How Does ADHD Testing Work?
ADHD (or Attention-Deficit/Hyperactivity Disorder) has become a popular topic in the news. As knowledge of symptoms of ADHD are disseminated, more and more people are interested in getting tested for it. In addition, as the research builds on topics like symptoms in male-identifying vs female-identifying women with ADHD, the overlap between ADHD and other neurodiversities such as Autism and Specific Learning Disorders, and how ADHD symptoms can fluctuate with age, an increasing number of the population are identifying with this having ADHD.
Words like neurotypical, neurodiverse, neurospicy, and twice exceptional are becoming common words used in non-clinical conversations. More and more groups on Facebook and people on Instagram, TikTok, YouTube etc. are connecting with each other and sharing their experiences with each other.
ADHD testing can come in multiple forms: from individual self-assessment using online questionnaires, to focused ADHD testing, to a full Neuropsychological battery.
Today we will discuss both forms of testing.
Why provide ADHD testing?
Many parents come to me with their children whom they suspect may have ADHD. Maybe parents have seen signs or symptoms sprinkled around the house (a very forgetful child, a spacey child, an intensely active child, or a child who cannot contain their impulses). Quite possibly a teacher has reached out to a child’s parents to note what they have seen in the classroom in terms of ADHD behaviors. Sometimes pediatricians notice symptoms and encourage the child’s parents to get them evaluated. In most cases ADHD testing for children has the goal of not only identifying ADHD, but the important goal of gaining school accommodations (like extended time on tests or preferential seating).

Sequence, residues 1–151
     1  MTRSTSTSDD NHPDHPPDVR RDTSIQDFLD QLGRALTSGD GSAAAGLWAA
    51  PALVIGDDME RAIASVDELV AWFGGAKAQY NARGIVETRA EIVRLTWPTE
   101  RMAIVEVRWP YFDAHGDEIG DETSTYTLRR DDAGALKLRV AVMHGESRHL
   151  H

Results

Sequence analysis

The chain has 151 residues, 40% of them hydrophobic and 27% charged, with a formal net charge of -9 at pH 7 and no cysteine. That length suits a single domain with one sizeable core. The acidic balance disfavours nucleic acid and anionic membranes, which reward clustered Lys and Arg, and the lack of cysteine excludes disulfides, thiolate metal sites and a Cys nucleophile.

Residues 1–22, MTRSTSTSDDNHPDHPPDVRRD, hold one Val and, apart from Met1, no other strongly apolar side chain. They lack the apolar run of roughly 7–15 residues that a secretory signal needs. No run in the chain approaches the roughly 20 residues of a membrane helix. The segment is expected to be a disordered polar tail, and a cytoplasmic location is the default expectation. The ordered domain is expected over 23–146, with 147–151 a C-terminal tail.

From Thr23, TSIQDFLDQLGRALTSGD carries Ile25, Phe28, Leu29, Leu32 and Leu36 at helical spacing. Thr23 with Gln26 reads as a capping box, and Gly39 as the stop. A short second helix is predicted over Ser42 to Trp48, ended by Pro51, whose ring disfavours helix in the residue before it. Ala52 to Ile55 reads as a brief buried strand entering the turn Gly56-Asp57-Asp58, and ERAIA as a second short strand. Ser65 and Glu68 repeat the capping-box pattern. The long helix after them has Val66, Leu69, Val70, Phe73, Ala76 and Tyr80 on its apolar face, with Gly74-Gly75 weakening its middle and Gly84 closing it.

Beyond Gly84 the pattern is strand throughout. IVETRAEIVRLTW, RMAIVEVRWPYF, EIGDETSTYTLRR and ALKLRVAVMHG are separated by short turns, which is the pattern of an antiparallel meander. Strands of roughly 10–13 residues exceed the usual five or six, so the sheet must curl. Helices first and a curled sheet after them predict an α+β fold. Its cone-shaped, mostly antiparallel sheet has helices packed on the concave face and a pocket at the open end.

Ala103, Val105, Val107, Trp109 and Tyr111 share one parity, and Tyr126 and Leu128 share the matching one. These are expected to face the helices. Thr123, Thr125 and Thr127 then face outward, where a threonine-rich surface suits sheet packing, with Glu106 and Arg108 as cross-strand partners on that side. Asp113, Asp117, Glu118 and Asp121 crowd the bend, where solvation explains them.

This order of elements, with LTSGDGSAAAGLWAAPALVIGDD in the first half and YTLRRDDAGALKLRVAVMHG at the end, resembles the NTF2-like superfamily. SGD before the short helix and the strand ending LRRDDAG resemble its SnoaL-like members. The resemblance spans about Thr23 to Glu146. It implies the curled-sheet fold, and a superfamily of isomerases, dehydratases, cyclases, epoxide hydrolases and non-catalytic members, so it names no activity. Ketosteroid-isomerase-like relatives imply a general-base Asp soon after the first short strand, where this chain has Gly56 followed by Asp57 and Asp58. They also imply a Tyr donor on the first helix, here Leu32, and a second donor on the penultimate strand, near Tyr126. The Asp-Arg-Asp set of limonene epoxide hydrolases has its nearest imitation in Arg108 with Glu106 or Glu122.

Adults who want ADHD testing have a variety of reasons they want to be tested. Occasionally they have a child diagnosed with ADHD, and they see some of the child’s symptoms mirrored in themselves, and, after reflection, are curious to know if they have ADHD as well. And because ADHD has a genetic component, often children who have ADHD have parents with ADHD (and vice versa). Adults often want to be tested because they are struggling at work or at home, and a friend, partner, or family member has suggested that they get tested. Some adults with ADHD feel like “they just don’t fit in with everyone else” but are not sure why. Some adults want workplace accommodations, and they need proof that they have ADHD to receive these.
Regardless, ADHD testing is incredibly informative, and can have an immense impact on one’s school experience, workplace setting, or interpersonal relationships.
When to be tested for ADHD?
It’s always a good idea to be tested for ADHD once you’ve noticed that the symptoms are not transitory and that they are sticking around for a while. According to the American Academy of Pediatrics, children as young as 4 can be accurately assessed for ADHD. However most children present for testing between the end of elementary school through middle of high school; whenever the task demands become too much, and the child cannot hide (or “mask”) their symptoms any longer. Transitional adults through late adulthood can also be tested for ADHD; there is no age that is too old to be tested.
Who can provide ADHD testing?